"When you add an indulgence, make a corresponding reduction to compensate. Add another half hour of walking the next day. Skip the cocktail. Pass the breadbasket."

"The trick is to manage and gratify your appetites, while determining how, when, and what to reduce. Eat breakfast!! Don't skip meals or rely on ‘protein’ shakes for meal substitutions. Eat with your head. Make wise choices. Don't try to achieve an ideal weight (based on insurance company charts that focus only on height and gender) or fashion weight, but rather a ‘well-being’ weight, the one at which a particular individual feels biendans sa peau (comfortable in his or her skin)... It's the weight at which you can say, 'I feel good and I look good.'"

Obviously, I found a lot of useful information in this book and I would definitely recommend it to anyone who not only wants to try to lose a little (or a lot of) weight, but also to anyone who wants to try to live a more healthy life. I read a library copy and am tempted to buy a copy for my permanent collection. Guiliano includes several recipes in her book and I’d like to give some a try. And I just discovered she has a new book coming out in October called French Women for All Seasons: A Year of Secrets, Recipes, and Pleasure. Definitely something I want to check out (and not just because it has a cute cover!).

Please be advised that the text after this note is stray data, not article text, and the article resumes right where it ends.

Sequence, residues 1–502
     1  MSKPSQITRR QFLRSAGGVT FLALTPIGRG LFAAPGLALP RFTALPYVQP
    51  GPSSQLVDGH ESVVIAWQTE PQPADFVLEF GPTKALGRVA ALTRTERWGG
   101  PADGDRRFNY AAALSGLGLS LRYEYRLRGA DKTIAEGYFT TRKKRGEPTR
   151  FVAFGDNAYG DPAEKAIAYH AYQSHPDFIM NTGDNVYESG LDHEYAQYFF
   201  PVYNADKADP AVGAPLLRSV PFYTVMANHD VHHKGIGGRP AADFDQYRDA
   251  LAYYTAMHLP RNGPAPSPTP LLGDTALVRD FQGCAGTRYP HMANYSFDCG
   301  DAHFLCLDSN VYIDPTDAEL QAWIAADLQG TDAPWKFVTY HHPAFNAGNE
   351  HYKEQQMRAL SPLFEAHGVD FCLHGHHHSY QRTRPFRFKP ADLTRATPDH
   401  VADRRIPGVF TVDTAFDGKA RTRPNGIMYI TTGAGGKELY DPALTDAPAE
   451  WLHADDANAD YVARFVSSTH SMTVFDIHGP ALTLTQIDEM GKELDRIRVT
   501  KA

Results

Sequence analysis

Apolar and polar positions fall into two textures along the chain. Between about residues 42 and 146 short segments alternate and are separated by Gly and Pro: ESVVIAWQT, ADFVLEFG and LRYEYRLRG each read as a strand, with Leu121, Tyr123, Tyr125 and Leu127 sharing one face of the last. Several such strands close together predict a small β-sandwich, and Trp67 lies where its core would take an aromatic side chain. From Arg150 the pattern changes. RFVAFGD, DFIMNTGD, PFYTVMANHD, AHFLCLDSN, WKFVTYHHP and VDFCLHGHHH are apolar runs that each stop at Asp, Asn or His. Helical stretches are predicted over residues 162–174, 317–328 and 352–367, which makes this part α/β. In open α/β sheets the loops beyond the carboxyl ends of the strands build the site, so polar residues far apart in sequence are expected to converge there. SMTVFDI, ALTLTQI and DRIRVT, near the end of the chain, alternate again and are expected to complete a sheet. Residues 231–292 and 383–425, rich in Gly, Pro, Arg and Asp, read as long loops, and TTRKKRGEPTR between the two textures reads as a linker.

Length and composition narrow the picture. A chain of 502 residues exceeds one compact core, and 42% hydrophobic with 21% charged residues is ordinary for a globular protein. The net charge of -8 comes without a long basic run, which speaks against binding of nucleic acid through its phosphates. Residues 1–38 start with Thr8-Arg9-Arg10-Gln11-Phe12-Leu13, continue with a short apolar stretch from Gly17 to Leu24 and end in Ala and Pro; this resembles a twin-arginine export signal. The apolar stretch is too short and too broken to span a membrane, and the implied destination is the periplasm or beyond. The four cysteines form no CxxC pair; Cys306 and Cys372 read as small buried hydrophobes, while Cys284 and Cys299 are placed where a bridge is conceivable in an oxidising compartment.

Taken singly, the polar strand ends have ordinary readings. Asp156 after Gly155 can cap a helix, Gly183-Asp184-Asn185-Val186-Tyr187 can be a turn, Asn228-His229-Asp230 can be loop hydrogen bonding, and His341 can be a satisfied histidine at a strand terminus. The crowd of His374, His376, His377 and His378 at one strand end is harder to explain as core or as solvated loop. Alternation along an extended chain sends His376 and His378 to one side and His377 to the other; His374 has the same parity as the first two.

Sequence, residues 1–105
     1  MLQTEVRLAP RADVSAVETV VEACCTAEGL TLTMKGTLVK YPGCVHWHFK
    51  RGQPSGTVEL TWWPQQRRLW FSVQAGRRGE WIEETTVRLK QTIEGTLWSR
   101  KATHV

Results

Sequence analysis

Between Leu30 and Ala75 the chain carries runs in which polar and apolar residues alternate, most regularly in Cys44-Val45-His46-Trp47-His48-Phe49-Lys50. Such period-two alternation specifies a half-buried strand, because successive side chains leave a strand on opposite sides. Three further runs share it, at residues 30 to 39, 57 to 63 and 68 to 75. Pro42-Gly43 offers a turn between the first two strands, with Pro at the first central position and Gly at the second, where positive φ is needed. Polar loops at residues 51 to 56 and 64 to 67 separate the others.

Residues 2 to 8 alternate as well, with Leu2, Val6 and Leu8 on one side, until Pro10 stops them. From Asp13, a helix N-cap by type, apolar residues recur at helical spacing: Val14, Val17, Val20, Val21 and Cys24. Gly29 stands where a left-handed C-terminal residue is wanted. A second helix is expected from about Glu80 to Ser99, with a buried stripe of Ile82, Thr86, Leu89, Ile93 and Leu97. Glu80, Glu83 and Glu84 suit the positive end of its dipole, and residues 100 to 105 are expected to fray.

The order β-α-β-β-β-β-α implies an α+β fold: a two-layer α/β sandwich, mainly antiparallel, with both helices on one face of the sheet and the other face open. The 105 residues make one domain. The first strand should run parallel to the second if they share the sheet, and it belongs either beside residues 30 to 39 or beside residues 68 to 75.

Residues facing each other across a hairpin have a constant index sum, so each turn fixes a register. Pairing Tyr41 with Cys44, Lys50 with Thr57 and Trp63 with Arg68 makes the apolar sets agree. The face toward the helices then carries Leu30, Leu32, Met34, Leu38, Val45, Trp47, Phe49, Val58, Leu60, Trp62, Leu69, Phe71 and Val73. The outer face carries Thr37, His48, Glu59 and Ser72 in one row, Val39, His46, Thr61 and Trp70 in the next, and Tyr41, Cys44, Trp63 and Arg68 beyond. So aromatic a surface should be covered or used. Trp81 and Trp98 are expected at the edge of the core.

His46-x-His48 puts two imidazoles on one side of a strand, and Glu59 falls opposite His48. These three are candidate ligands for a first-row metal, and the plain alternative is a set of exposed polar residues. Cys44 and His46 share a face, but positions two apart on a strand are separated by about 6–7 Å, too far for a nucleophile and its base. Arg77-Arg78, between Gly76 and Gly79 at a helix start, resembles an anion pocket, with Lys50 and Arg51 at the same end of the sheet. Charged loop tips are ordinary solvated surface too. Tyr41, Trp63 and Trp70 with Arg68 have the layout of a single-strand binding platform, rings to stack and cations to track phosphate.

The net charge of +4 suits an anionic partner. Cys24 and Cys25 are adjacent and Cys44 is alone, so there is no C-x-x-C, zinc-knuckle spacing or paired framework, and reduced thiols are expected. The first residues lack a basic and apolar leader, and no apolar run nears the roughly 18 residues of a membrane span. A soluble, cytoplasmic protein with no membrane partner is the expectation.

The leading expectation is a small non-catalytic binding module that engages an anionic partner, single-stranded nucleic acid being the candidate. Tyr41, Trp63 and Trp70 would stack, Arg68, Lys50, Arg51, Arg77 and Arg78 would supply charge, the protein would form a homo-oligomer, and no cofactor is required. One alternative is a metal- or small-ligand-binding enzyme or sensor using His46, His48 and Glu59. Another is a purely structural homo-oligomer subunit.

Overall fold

1. You've convinced me to look for this book, Lesley. Thanks for the detailed review. I've hesitated to read the book because my son confirmed a lot of what I thought I remembered, when he was in France earlier this summer. Europeans walk and walk and walk because, for one thing, they can.

    In our area, you have to drive everywhere - there aren't even any sidewalks outside of the historical part of town (and the loose dogs are a bit of a discouraging challenge, elsewhere). This is a typical problem in the U.S. - having to get in a car to get to where you need to go because there's no option. But it sounds like there's plenty of other advice or thoughts worth reading, other than the obvious. Thanks for the detailed review!

  2. It was rather detailed, wasn't it? ;) I guess I just felt like I wanted to share it all with anyone who cared to read it.

    I'm lucky about the walking part. We live near a very nice MOPAC/bike trail. It's only about 5 minutes from our house (on foot), so we head out every evening before dinner and go for a 30-35 minute walk. Very pretty and peaceful, as long as the heat doesn't kill us! I also walk in the morning, pushing my 21-month-old niece in her stroller. Get a good 30 minute "hike" in and she's happy as long as I fee her Goldfish crackers and raisins. :) Needless to say, I'm trying! I may not be able to give up reading while I eat my breakfast and lunch, but I'm trying to slow down and savor each bite. And use my head. Of course, that all went out the window when I had a Carne Asada burrito and two (2!) margaritas tonight at dinner. Yep, I admit it. I inhaled. :)